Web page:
Dancers are accustomed to putting in long hours of rehearsal time — memorizing and perfecting steps, honing artistic interpretations, coordinating outfits, lighting, scenery.
But just days before the members of Fuzión Dance Artists are scheduled to complete their "Dance Now" series at Art Center Sarasota — reacting to the work of visual artists Woodrow Nash and Jackie Peters Cully — they haven't seen the art, don't have any costumes and have no clue what their dances are going to look like.
Like improv actors — but without the verbal language — their task is to react on the spot, off the cuff and in front of observers who may not always be comfortable with or receptive to what they are viewing. While that dictate might terrify the less spontaneous among us, the dancers of Fuzión, who have earned a reputation for improvisational work, cheerfully look forward to the challenge.
"For me, improv is less stressful," says Rolando Cabrera, a former break dancer who once performed whenever and wherever a "playground" presented itself. "In a show I'm always worried: Will I get my timing right? Will I remember the choreography? There is so much anxiety that comes out that it doesn't feel as free."
In the last of four dance/art collaborations between the two nonprofits this year, Fuzión dancers will interpret in movement the work of Nash, an Ohio-based African-American artist who creates "African nouveau" torso sculptures in wood and ceramics, and an installation by Jackie Peters Cully involving hundreds of textile-covered leaves created by community members.
Fuzión founder and director Leymis Bolaños-Wilmott sees the collaboration as an opportunity not only for another of the multidisciplinary projects she often embraces, but for her dancers to stretch their artistic sensibilities.
"I designed these performances so different company members would get a chance not only to perform in an art gallery setting, but also to improvise, respond and interpret artwork in the moment and with an audience," says Bolaños-Wilmott, who has turned this final showing of the series over to dancer Molly Nichols' management. "This kind of performance is very comfortable to me, but for a first timer, it might trigger a new creative side or encourage a new vocabulary."
The dancers will view the exhibit only two days before Thursday's opening. After doing so, Nichols says she will ask each of them to contribute an idea — "a faint idea," she clarifies — to provide a loose structure and then to scramble for costumes to match their conceptions.
"We have two days to construct a 30-minute show within those loose ideas and that's intentional, so the creativity is not planned out of it," Nichols says. "It's still fluid, vague... and risky."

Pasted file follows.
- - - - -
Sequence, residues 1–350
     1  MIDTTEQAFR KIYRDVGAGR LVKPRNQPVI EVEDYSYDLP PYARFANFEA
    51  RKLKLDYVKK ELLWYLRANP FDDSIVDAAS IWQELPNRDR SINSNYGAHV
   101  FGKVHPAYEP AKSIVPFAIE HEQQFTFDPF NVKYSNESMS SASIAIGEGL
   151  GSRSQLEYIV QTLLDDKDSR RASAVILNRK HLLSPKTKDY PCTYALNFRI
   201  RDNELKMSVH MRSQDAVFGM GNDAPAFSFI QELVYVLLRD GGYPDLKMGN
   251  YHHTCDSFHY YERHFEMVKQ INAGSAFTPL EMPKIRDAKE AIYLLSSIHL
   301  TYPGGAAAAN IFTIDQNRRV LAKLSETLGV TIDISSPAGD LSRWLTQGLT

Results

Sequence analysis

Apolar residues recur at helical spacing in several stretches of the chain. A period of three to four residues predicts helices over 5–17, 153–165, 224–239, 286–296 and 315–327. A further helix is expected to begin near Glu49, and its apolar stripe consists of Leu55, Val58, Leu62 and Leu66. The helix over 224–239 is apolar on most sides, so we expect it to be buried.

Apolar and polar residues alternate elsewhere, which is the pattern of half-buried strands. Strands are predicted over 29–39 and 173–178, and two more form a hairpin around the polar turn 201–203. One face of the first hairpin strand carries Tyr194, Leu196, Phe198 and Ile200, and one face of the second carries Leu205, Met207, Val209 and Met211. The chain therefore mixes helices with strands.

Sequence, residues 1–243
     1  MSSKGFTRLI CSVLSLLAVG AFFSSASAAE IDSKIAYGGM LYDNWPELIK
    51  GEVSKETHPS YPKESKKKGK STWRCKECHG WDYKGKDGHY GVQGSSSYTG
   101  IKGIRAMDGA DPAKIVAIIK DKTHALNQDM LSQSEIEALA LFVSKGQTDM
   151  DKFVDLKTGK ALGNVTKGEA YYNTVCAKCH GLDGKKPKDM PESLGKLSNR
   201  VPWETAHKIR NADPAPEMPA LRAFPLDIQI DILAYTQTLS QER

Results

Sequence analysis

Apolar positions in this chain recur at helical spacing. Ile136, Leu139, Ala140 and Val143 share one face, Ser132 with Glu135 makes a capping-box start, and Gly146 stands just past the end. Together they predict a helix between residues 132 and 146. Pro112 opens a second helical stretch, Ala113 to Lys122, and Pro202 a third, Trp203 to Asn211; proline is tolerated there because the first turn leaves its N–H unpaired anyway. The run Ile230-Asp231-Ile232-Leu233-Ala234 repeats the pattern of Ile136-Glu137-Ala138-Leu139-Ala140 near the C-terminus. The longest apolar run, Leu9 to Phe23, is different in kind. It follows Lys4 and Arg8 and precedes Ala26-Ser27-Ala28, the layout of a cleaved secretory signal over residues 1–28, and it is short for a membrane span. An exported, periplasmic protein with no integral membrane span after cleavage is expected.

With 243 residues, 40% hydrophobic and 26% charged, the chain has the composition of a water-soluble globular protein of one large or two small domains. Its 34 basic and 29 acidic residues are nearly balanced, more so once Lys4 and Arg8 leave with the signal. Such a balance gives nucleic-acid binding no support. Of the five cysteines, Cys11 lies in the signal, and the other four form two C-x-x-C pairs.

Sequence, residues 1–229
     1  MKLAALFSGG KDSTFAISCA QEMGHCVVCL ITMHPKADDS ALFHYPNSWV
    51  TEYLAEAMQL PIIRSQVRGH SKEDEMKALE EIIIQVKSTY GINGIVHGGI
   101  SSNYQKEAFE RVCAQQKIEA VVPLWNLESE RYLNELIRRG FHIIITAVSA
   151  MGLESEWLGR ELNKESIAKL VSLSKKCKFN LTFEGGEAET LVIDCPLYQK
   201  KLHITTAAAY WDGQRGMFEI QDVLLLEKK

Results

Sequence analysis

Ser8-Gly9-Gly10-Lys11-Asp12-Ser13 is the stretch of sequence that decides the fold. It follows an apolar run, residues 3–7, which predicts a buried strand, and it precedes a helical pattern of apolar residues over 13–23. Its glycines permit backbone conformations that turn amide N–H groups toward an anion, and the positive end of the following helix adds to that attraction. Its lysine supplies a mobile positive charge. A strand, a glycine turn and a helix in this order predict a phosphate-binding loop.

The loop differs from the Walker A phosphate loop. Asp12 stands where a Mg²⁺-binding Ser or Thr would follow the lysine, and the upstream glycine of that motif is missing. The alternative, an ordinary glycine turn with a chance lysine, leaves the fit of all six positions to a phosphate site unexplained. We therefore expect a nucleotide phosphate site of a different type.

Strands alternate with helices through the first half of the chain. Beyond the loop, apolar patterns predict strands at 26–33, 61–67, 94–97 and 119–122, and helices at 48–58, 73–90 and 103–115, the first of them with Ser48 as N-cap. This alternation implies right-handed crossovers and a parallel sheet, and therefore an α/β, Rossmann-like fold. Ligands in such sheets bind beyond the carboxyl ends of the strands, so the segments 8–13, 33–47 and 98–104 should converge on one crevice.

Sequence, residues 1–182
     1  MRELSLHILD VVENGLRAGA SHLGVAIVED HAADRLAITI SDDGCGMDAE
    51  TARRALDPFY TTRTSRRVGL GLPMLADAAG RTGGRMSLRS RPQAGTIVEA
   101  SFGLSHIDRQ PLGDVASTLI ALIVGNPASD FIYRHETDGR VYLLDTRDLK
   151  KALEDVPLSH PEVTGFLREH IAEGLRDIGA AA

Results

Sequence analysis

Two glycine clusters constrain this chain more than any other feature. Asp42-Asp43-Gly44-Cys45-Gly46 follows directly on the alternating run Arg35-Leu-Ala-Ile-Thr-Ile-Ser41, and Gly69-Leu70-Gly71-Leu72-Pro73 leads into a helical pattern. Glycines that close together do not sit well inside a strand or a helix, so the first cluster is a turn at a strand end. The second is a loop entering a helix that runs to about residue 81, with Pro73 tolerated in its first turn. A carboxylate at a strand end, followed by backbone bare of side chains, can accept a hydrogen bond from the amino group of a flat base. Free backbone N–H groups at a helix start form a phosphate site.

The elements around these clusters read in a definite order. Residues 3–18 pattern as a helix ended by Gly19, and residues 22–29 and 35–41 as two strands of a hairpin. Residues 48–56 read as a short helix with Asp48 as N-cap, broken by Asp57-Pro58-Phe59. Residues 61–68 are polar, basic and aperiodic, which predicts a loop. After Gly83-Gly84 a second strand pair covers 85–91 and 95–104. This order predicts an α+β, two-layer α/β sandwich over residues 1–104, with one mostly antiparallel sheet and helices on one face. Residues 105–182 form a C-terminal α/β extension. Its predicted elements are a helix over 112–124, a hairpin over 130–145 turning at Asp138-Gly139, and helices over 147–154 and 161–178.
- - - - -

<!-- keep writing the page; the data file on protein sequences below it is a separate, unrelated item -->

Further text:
Risky because, as with any improvisational work, success lies in finding a balance between authentic artistic expression and audience engagement.
"I want to reveal just enough to draw people in," says Nichols, "but not to do just what they might be expecting. If I focus on who is watching or I'm trying to please someone, I lose my connection and I'm not as interested in the real source."
By way of example, Nichols recalls an iconcept fashion retrospective at the center earlier this year, in which artists were challenged to make pieces for a runway show from unusual recyclable materials. Nichols wore a black slip as she moved between the onlookers and the dresses, which were made of everything from camera film to dried macaroni, interacting with both.
"I was wearing only my sense of self, so I could be a potential carrier and the dresses could speak through me," she says. "In my mind, I was wearing every single one of them."
Nichols says an audience in an art gallery differs significantly from one in a theater; onlookers are often uncomfortable with the performers' proximity and hesitant to make eye contact.
"People want to stand not just a foot from the wall, but two inches from the wall," she says, laughing. "A trustful audience is hard to find."
But Cully, who has never before had dancers respond to her work, is wholely on board.
Her installation is made up of more than 600 leaves covered in colorful paper — the underlying byproduct of work she does with painted silks and wax — that is tacked on with a high-gloss glue. Each fluttering leaf, decorated by two community members handling a single side, will be hung on filament strung from the ceiling to the floor in the center's first gallery, creating a "magical forest."
Cully, who was once a great social dancer "if I say so myself," says her own dancing days are over after a recent bad fall. But she can envision exactly how she would translate her art into movement.
"The colors are all very bright and there is a lot of sheen, so the dancers should just sparkle," she says. "Colorful scarves would be perfect. By covering them, we've transformed these leaves from dead to alive. The dancers can continue the transformation."
In a partnership planned for next year, Fuzión and the Art Center will continue collaborating, but with the tables tweaked. Instead of dancers responding to the work of the artists, the artists will visit Fuzión rehearsals and respond with visual interpretations that will eventually be turned into performance costumes.
Either way, the best part of such a "spontaneous adventure," as Nichols calls it, is that there is no right or wrong.
"You don't criticize yourself and you don't analyze what you are doing while you are doing it," she says. "There are no rules and no expectations. Keeping it free is really life-giving."